“grabs you by the cheeks, pulling them out into the widest smile“
With a backdrop of tall slender trees silhouetted against a mist of dusky blue light, sits a solitary tent. There is an Englishness that removes the location as far away as possible from the fictitious Japanese town of Titipu, further emphasized by the main characters being renamed as though they have all wandered in from a ‘Jeeves and Wooster’ story. There is no discernible reason for the resetting, but it is immediately clear that this is going to be lot of fun indeed. With lashings of laughs. Sasha Regan’s all-male “The Mikado”, which first toured in 2017, is a topsy-turvy romp that, despite having only one tent as the central scenic prop, is as camp as a whole row of them.
Kimonos and fans are replaced by baggy shorts and cricket bats in a world where Enid Blyton has collaborated with Morecambe and Wise. As inventive as it is confusing, at least it has done away with the cutesy but dated and potentially disrespectful Japanese monikers. Nanki-Poo, the Mikado’s estranged son disguised as a wandering minstrel, is now Bertie Hugh. Central love interest Yum-Yum becomes Miss Plumb. Pooh-Bah is Albert Barr, Pish-Tush, Wilfred Lush… well, you get the drift. Except that the town’s name is left intact. Here, in Titipu (‘titter ye not’, boys and girls) it has been decreed by the Mikado (Lewis Kennedy) that all flirting is punishable by death. His son and heir, Bertie Hugh (Declan Egan) has fled to escape an arranged marriage to Kitty Shaw (Christopher Hewitt). Disguised as a wandering minstrel, Bertie returns to court his true love Miss Violet Plumb (Sam Kipling), only to discover she is betrothed to Mr Cocoa (David McKechnie) the High Executioner.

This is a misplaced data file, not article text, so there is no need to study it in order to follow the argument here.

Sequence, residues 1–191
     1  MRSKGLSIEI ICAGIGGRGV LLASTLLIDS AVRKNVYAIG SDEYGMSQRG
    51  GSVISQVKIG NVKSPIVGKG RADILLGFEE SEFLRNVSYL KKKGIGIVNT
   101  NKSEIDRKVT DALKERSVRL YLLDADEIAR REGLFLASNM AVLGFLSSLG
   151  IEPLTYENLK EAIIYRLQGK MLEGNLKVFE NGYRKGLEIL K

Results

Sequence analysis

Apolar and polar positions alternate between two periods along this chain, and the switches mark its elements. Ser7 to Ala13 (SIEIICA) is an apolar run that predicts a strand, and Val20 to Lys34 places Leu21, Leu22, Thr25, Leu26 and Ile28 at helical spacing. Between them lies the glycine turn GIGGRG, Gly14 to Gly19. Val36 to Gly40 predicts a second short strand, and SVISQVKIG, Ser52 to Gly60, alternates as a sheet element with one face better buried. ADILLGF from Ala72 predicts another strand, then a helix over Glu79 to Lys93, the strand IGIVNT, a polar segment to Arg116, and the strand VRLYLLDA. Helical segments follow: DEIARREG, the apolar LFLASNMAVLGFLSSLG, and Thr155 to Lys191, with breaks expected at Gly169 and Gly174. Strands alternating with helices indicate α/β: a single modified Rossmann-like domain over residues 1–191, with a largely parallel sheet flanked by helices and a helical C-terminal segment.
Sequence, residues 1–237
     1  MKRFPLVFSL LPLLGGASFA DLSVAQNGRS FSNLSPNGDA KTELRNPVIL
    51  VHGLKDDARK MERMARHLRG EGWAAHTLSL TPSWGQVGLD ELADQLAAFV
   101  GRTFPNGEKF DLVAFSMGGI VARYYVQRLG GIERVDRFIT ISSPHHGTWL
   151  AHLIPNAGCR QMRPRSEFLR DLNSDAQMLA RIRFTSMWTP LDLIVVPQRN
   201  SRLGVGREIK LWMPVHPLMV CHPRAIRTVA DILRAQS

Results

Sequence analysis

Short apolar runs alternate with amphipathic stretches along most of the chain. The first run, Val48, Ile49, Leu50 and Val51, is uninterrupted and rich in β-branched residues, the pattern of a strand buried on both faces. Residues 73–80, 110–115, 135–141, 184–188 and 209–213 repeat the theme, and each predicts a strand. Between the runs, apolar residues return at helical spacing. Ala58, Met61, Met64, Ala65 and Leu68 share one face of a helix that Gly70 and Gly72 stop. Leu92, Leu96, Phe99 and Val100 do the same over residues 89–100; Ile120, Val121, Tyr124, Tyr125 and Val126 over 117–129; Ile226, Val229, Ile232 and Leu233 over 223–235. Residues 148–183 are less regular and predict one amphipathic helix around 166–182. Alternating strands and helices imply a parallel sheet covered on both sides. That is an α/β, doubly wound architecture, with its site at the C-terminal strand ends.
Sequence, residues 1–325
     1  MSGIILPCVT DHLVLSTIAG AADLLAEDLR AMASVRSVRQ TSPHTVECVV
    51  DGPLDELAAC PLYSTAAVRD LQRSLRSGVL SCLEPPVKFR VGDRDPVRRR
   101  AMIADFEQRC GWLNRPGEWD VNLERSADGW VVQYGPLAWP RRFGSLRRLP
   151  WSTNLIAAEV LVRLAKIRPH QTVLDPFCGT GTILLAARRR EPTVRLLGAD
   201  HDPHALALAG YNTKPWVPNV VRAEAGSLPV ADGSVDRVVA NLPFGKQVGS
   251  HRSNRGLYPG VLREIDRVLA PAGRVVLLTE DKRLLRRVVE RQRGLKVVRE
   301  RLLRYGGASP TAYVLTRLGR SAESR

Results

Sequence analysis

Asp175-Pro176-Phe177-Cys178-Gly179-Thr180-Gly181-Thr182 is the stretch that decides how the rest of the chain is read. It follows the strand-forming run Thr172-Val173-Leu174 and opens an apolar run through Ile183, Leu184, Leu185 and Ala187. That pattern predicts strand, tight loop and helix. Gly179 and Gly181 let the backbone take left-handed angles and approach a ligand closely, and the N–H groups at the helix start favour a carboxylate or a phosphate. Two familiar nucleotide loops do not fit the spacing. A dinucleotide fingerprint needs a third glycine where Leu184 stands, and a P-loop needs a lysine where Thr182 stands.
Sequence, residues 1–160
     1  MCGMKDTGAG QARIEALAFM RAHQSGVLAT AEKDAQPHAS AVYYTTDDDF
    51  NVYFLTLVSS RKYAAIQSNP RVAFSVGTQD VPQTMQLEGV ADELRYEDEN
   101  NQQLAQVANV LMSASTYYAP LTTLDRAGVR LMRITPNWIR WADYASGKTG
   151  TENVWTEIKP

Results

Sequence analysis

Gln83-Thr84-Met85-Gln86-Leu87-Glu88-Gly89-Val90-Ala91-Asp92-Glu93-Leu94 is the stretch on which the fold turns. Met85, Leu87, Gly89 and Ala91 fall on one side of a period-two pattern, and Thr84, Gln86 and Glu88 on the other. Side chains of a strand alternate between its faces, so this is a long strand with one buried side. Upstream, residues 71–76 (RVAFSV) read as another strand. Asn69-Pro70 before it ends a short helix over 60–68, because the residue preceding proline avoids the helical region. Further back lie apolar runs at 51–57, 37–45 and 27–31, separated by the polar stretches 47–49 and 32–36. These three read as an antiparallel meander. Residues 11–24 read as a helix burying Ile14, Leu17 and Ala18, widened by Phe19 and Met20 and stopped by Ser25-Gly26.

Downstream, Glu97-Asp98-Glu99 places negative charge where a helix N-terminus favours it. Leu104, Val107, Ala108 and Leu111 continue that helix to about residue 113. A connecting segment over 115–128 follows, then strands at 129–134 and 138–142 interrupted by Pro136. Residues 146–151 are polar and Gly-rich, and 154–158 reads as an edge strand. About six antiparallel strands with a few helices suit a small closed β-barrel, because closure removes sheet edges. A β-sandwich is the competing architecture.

A fairly conventional basis for the farcical plot twists that unravel from it. Boy loves girl. Both are unhappily betrothed to others. Yet the fanciful and completely loopy laws of Titipu add spice to the conundrum. Unrequited love is one thing – being buried alive or beheaded is another thing entirely. It is highly enjoyable and highly silly in equal measure. Even if the 1950s scout-camp setting doesn’t necessarily have a point, the updating and adaptation of W. S. Gilbert’s libretto is ingeniously witty and clever. But what brings this production to vivid life is the performances from a superbly talented company. Led by Musical Director Anto Buckley on piano, Arthur Sullivan’s score is held in high respect and delivered beautifully by this all-male ensemble. They instinctively know the nuances and can marry the comedy with the emotional force required by the compositions.
The beauty of Buckley’s solo piano accompaniment allows the voices to shine; undiluted, unadulterated and unenhanced by technical wizardry. Sam Kipling’s solo – the gorgeous ‘The Sun, Whose Rays are All Ablaze” is a shimmering example, with not a false note to the falsetto. David McKechnie’s scheming, wide boy Mr Cocoa belies a purity of voice, as does Declan Egan’s bumbling Bertie. Christopher Hewitt’s jilted Kitty Shaw is rich in tone and comic flair, particularly during his solo, ‘Alone, and yet Alive’. When the company all comes together in harmony the effect is mesmerising: a gorgeous juxtaposition of virtuoso singing with the spirit of burlesque.
The book contains many of the stock paradoxes and Catch-22 quandaries inherent in Gilbert and Sullivan’s works. Regan’s setting is a little conflicting and confusing, but once you’ve accepted it, the joy of this fun-filled production reaches out and grabs you by the heart. It also grabs you by the cheeks, pulling them out into the widest smile. Sometimes it feels as though the cast are enjoying themselves a little too much. However, it always feels as though the audience are enjoying it more.